04-13-2010, 05:31 AM
#7
Thanks for posting this. Always interesting to read about other devs' experiences.

You mentioned in the blog post that you guys broke even. Does this take into account your hourly wage?
04-13-2010, 05:57 AM
#8
Quote:
Originally Posted by jamesj3k View Post
Another thing I forgot to mention is that email support is a lot of work. When the game is doing well, I answer 20-30 support emails a day. Also, a lot of people attribute their inability to connect to the game to us when in reality a questionable internet connection is probably to blame.
I anticipated that well in advance of my first release, and rather than answer tons of e-mail I decided to set up a forum (used phpBB in my case). That allowed people to gather and talk about Rogue Touch, and help each other out in many cases. A lot of questions people have will be the same, so why hand write it over and over when it can be served up for everyone to see and comment on?

Running a forum is still work, and you have spambots to deal with. If you get a few early, trusted gamers you can always enlist them as Mods to help keep the place ship-shape. Despite all that, your own participation is needed. But I really enjoy the forum interaction so it's not a problem!

Forums are great on multiple levels, having a little "community" for your game(s), people helping each other, and me having enough time to keep doing my normal consulting work (which you know, actually pays the bills )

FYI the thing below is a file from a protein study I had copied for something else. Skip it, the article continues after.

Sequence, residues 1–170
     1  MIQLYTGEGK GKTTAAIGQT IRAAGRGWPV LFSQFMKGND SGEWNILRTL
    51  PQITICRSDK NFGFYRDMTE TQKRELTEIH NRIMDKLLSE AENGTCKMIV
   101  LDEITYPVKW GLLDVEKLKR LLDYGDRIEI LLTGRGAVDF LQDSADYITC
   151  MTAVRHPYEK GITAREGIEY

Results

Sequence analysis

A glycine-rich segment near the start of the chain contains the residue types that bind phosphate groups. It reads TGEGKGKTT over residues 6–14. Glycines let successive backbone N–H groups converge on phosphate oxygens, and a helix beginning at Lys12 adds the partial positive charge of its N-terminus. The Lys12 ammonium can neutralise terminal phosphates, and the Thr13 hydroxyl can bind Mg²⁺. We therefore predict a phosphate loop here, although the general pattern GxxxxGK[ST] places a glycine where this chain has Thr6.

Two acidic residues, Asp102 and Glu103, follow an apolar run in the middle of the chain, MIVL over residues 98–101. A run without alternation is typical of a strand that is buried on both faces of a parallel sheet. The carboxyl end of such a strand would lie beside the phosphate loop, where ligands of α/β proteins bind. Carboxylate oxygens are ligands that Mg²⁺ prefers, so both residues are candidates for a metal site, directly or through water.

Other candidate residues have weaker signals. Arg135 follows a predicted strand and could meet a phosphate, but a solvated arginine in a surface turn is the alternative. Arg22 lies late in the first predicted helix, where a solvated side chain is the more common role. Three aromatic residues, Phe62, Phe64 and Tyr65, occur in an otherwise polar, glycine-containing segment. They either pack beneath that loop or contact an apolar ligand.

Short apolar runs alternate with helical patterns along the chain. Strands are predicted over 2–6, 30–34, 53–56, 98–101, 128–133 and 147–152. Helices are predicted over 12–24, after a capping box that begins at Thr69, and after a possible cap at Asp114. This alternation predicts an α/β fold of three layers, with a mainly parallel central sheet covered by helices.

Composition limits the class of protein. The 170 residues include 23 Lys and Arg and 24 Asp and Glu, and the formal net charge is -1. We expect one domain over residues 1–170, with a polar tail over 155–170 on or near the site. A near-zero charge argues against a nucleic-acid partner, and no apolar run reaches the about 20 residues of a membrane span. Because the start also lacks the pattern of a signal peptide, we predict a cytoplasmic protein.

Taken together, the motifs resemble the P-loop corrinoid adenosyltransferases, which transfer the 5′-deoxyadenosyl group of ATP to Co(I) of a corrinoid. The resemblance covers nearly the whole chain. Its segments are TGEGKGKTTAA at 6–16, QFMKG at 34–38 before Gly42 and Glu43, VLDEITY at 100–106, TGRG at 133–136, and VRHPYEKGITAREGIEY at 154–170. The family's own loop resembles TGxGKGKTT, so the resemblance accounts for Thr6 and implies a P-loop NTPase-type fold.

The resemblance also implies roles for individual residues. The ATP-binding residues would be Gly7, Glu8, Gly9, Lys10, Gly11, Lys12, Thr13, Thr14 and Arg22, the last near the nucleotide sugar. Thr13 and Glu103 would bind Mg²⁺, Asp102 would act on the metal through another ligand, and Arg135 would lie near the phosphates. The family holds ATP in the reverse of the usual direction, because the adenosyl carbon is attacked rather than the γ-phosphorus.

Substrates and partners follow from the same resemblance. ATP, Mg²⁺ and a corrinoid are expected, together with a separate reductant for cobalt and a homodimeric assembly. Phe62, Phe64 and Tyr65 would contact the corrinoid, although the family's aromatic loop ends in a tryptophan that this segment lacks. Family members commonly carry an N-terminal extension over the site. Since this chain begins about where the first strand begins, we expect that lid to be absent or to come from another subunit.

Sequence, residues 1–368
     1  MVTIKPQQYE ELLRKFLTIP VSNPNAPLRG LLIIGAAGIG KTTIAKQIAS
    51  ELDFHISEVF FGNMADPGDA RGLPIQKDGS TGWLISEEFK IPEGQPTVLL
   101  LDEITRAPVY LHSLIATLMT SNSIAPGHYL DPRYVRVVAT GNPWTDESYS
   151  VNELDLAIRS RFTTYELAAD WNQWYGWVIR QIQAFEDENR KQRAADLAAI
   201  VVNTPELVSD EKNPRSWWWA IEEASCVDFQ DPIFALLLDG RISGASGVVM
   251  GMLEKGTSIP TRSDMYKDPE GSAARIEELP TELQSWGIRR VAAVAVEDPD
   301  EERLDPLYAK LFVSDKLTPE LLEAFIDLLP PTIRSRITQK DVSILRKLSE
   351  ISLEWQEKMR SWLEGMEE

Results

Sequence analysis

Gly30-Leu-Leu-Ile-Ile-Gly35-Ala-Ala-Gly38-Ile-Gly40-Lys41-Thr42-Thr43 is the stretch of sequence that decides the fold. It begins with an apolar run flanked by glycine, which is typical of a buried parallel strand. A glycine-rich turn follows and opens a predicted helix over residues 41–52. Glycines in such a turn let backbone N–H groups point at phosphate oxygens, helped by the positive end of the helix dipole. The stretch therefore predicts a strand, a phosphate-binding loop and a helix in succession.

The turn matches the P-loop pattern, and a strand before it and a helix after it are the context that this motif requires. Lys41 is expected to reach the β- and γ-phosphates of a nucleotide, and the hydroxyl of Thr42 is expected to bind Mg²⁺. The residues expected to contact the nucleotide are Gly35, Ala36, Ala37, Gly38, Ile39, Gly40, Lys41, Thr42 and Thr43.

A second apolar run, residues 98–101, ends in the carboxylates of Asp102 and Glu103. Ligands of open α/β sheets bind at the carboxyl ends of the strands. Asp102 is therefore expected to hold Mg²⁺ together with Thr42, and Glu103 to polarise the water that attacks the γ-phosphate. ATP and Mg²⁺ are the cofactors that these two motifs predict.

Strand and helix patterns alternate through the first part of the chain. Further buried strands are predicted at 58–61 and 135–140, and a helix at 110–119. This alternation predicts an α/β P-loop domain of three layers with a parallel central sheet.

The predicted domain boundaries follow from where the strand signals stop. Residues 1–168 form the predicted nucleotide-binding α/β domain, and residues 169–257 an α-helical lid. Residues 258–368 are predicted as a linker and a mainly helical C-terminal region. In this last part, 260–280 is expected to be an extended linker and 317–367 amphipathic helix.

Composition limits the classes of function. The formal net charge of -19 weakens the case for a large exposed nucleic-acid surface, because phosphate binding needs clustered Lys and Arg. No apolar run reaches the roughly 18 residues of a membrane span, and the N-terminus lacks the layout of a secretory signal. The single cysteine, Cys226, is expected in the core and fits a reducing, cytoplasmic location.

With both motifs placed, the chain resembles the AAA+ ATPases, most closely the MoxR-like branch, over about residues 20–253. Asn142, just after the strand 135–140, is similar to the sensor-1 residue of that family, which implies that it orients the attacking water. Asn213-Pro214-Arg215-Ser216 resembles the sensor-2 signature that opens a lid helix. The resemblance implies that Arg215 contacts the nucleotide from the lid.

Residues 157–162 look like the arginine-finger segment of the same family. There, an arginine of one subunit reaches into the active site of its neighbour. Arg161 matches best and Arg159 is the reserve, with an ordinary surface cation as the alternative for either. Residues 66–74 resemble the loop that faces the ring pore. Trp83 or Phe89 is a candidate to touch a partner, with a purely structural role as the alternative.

--- ChronoSoft ---
Support your roguelikes! Play Rogue Touch today!
Spirit Hunter Mineko: Demons Reach --- Work in progress! Follow us on Twitter!
04-13-2010, 01:15 PM
#9
Joined: Feb 2009
Location: San Francisco Bay Area
Posts: 172
Quote:
Originally Posted by CommanderData View Post
I anticipated that well in advance of my first release, and rather than answer tons of e-mail I decided to set up a forum (used phpBB in my case). That allowed people to gather and talk about Rogue Touch, and help each other out in many cases. A lot of questions people have will be the same, so why hand write it over and over when it can be served up for everyone to see and comment on?

Running a forum is still work, and you have spambots to deal with. If you get a few early, trusted gamers you can always enlist them as Mods to help keep the place ship-shape. Despite all that, your own participation is needed. But I really enjoy the forum interaction so it's not a problem!

Forums are great on multiple levels, having a little "community" for your game(s), people helping each other, and me having enough time to keep doing my normal consulting work (which you know, actually pays the bills )
Ooh, setting up a forum sounds like a great solution to offloading the need to personally answer a lot of emails. I guess that's why forums are such a popular customer support tool for so many real world products (including Apple's own developer community).
04-13-2010, 03:01 PM
#10
I receive between 2000-3000 emails a day for The Impossible Test. Since it has such a high rank in the charts right now, I am getting swamped with emails! It takes hours and hours just to go through all of them!

I also agree that in-app purchases are not good for low download apps. If you only get around 20,000 downloads a day, the BEST you should hope for is $200/day. On the other hand, if your app is really high in the charts, then in-app purchases are AMAZING! It's best to experiment with download numbers before you switch to freemium. Also, remember that you can have multiple in-app purchases so you can double or even triple your opportunities to make money!

I make games at PixelCUBE Studios! Follow me @naveen_pcs